CONSERVATION

Great Food Comes With Great Waste At UMass

Jan 16, 2019
UMass Amherst emphasizes composting, providing compostable utensils, napkins and cups in the dining areas.
Ayelet Ehrenkranz / NEPR

The phrase “number one dining” is often thrown around at UMass Amherst. But with all that great food comes great waste.

An American Robin is measured as part of federal research on urban wildlife in a backyard in Greenfield, Massachusetts.
Nancy Eve Cohen / NEPR

Federal researchers in western Massachusetts study ways to protect migrating fish, backyard birds and urban trees. The government shutdown is keeping them home and away from their research.

Aerial map of the Edward J. Dwyer conservation area in Easthampton, Mass., where three trees were tagged with racist and anti-Semitic graffiti in late December 2018.
Courtesy / The Pascommuck Conservation Trust

Bright orange racist and anti-Semitic graffiti sprayed on three trees sometime after Christmas can still be seen in the woods along the Manhan River in Easthampton, Massachusetts.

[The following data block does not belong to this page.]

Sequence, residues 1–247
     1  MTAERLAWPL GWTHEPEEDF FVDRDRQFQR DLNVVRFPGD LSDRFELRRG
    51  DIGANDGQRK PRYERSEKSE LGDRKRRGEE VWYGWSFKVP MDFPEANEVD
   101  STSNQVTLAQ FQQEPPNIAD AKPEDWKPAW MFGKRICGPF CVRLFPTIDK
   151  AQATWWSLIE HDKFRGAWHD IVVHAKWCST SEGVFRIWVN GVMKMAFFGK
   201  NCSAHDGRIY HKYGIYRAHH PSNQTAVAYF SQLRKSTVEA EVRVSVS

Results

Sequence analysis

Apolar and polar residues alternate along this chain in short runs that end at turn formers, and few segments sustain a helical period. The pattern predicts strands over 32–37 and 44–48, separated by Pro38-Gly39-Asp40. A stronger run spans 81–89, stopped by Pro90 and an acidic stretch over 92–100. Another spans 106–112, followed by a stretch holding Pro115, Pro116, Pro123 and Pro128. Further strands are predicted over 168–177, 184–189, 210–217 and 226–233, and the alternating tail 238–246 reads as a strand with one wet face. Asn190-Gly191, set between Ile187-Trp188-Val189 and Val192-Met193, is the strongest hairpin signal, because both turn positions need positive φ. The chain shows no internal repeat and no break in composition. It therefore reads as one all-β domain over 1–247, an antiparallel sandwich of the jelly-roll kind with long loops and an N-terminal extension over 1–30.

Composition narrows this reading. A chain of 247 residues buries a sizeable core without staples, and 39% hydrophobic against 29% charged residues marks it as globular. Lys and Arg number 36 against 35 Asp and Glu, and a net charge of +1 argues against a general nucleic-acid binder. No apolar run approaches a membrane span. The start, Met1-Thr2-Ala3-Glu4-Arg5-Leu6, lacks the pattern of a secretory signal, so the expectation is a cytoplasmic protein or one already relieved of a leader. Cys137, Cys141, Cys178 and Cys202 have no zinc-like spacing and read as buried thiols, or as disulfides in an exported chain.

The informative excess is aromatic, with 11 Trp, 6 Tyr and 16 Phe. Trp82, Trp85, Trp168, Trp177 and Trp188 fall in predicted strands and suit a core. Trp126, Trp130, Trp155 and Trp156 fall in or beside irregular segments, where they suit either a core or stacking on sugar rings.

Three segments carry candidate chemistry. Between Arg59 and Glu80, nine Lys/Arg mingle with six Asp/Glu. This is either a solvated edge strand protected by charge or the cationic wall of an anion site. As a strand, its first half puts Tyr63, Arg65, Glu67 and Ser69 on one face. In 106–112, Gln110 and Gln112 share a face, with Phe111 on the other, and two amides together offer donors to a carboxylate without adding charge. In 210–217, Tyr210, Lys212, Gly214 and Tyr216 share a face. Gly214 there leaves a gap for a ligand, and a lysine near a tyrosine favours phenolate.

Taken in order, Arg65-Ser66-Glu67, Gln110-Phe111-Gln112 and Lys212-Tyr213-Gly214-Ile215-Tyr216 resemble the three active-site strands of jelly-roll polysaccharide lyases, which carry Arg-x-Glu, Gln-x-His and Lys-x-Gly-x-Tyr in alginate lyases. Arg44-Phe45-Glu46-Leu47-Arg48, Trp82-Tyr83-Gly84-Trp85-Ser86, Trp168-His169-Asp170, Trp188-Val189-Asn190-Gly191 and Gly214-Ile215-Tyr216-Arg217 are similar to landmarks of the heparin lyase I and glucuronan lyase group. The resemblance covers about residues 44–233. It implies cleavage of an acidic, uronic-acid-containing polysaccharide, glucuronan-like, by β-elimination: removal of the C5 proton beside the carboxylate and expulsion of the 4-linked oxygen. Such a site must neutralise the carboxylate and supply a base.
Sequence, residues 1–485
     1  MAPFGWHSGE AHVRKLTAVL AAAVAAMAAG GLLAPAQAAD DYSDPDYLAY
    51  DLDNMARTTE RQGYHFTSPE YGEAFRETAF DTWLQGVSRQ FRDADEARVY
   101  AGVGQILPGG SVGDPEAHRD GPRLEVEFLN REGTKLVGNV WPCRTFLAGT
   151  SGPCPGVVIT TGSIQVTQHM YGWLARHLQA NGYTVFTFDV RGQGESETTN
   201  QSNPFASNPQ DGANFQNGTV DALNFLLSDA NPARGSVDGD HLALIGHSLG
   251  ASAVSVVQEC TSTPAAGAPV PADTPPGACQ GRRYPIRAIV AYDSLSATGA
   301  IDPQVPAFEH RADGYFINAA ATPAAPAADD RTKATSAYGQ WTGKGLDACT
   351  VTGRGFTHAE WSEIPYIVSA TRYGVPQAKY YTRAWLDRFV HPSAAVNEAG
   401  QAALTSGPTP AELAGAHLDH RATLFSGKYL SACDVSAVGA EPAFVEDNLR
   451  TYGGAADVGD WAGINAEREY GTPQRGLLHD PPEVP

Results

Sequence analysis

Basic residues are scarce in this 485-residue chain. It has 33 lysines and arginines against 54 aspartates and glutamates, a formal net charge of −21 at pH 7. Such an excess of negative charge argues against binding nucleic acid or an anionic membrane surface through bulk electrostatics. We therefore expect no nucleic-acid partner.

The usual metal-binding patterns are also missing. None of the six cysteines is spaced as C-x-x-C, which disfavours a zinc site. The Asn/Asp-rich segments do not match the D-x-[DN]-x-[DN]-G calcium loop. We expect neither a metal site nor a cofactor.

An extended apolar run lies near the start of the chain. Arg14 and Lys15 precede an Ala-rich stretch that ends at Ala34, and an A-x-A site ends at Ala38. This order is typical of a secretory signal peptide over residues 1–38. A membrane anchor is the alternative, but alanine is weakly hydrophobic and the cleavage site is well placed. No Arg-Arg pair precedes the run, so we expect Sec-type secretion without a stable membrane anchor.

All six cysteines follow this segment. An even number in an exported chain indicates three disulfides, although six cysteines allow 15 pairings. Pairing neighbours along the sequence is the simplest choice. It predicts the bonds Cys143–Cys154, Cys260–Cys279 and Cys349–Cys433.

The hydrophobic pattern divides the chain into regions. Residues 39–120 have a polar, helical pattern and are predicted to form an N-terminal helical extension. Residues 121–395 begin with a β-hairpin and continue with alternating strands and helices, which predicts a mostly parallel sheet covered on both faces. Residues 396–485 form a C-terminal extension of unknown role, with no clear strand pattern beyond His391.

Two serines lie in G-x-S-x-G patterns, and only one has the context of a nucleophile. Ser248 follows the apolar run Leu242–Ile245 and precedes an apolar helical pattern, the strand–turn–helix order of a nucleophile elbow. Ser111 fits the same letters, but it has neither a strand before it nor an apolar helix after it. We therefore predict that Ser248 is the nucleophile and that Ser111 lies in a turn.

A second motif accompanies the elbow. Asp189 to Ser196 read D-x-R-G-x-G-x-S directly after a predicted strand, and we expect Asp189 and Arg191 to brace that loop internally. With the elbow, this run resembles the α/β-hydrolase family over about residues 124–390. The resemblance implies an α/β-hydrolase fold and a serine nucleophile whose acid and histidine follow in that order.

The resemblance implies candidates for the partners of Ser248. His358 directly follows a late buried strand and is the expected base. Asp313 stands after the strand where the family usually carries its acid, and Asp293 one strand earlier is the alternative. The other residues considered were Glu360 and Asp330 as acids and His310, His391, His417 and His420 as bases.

Plastic water bottles.
Ricardo Bernado / Creative Commons/www.flickr.com/photos/zone41/4102673364

A ban on plastic water bottles originally set to take effect on New Year's Day in Great Barrington, Massachusetts, has been pushed back until the spring.

Sea levels are rising all over the world, but in some East Coast regions they’re rising higher than in others.

Coastal communities along the Chesapeake Bay in Virginia, for instance, saw sea levels rise a foot-and-a-half over the 20th century, while seas in Portland, Maine, rose only about 6 inches. Boston lands in the middle, with seas rising about a foot over the same period. What gives? Isn’t it all the same ocean?

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